Societal pressure to limit the use of antibiotics in livestock production systems, including dairy cattle systems, is consistently increasing. To motivate farmers to reduce antibiotic usage, it is important to understand the factors that determine whether a cow will be treated with antibiotics or not. If farmers' usual practices regarding antibiotic treatments are taken into account, they may be motivated to adopt control measures that can facilitate prudent use of antibiotics and are at the same time cost-effective. In this study, we analyzed database recordings of milk yield and somatic cell count from the routine milk recording scheme, clinical registrations of mastitis and PCR results, and cow factors such as days in milk and parity in relation to antibiotic treatments for 518 dairy herds in Denmark. Farm-wise logistic regressions were used to predict antimicrobial treatment based on these factors. The resulting regression coefficients of 422 herds were further analyzed by principal component analysis and clustering to determine the driving predictors for treatment in different groups of farms. The results showed that determinants that were most important for predicting antibiotic treatments vary from one farm to another. Health indicators such as PCR or somatic cell count were most indicative for treatment on some farms, whereas other groups seemed to depend more on production factors (milk yield) or later culling of the cows. This shows that farmers behave differently and differences can be identified in register data. This information can be considered when developing cost-effective herd-specific control measures of mastitis to promote prudent use of antibiotics in Danish dairy cattle farms.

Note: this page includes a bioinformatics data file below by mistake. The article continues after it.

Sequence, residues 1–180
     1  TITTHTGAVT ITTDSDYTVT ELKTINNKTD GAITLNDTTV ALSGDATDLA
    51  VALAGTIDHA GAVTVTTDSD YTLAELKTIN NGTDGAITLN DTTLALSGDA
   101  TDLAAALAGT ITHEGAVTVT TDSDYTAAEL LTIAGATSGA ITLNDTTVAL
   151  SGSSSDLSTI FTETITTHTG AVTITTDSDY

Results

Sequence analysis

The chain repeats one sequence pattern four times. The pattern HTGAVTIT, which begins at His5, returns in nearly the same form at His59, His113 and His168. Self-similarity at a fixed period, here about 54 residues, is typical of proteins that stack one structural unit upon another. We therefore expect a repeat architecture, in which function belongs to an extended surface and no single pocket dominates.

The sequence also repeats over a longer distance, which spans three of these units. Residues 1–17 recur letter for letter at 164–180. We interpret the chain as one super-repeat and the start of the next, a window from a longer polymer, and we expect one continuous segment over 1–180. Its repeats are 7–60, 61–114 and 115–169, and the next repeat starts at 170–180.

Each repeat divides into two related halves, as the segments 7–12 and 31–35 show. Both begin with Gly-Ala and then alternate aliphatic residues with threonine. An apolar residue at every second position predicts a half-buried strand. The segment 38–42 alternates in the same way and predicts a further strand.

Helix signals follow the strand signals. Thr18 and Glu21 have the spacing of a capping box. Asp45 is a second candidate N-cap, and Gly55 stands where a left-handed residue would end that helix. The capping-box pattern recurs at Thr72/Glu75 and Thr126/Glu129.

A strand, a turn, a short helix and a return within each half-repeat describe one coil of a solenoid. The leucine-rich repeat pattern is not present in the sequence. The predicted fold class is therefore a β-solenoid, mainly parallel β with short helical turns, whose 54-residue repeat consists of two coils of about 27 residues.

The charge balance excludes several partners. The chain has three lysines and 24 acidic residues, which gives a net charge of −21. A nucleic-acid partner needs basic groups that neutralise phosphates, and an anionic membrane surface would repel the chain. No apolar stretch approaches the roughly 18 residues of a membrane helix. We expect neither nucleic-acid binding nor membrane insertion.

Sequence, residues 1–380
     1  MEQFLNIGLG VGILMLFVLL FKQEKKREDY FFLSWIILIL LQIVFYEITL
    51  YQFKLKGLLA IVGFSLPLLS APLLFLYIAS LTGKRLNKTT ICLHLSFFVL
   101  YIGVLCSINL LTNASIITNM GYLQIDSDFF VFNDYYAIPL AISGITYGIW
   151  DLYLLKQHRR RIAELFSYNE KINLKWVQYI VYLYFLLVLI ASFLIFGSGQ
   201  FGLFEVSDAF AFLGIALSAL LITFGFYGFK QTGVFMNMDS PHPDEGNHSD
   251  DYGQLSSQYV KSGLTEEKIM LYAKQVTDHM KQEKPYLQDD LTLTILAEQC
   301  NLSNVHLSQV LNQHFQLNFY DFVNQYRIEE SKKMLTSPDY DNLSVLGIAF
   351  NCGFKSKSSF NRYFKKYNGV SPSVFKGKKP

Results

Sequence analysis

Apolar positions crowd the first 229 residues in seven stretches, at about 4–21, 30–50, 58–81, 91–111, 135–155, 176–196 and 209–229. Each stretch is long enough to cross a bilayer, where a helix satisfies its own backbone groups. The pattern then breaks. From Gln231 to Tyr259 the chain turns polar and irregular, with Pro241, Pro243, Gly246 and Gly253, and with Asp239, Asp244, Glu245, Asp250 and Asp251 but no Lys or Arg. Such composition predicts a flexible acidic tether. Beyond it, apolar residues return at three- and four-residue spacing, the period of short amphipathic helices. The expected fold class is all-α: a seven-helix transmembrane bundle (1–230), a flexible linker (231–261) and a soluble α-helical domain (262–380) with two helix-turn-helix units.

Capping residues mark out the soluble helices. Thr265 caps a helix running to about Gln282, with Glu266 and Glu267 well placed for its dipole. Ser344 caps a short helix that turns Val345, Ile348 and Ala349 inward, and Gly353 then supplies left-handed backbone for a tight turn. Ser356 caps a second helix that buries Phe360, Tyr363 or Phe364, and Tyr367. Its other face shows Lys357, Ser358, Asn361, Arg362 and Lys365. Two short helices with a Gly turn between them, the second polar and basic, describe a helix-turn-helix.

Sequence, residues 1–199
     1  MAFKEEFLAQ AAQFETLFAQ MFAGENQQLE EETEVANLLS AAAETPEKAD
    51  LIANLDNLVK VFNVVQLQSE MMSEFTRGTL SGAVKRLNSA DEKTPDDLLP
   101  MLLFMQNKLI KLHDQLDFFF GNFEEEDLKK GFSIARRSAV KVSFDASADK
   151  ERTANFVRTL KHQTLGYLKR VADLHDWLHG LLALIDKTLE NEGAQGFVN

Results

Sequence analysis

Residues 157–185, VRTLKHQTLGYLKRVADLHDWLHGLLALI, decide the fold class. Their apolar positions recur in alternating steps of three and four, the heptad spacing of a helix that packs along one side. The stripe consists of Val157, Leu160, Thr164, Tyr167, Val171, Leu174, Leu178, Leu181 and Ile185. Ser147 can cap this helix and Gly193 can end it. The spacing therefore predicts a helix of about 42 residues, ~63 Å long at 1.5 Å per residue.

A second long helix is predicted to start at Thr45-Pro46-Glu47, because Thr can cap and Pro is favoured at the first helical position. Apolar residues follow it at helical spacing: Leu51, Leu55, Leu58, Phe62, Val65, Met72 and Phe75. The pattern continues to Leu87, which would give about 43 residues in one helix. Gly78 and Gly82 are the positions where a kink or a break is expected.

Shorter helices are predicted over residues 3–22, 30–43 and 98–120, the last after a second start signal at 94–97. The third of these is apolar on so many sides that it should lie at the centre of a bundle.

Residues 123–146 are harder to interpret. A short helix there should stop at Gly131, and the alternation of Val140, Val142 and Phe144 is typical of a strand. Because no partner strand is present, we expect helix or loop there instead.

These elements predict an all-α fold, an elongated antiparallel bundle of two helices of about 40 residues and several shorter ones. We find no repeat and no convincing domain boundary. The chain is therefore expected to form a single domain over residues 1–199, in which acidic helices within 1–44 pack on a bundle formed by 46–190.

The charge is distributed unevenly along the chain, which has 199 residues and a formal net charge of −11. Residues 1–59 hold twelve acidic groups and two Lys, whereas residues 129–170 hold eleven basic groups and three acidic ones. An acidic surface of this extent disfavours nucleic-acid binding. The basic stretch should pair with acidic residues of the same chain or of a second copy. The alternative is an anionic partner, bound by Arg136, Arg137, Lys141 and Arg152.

Bibliographical noteThis is an open access article under the CC BY-NC-ND license (http://creativecommons.org/licenses/by-nc-nd/3.0/).
- Antibiotic treatment
- Cluster analysis
- Dairy cattle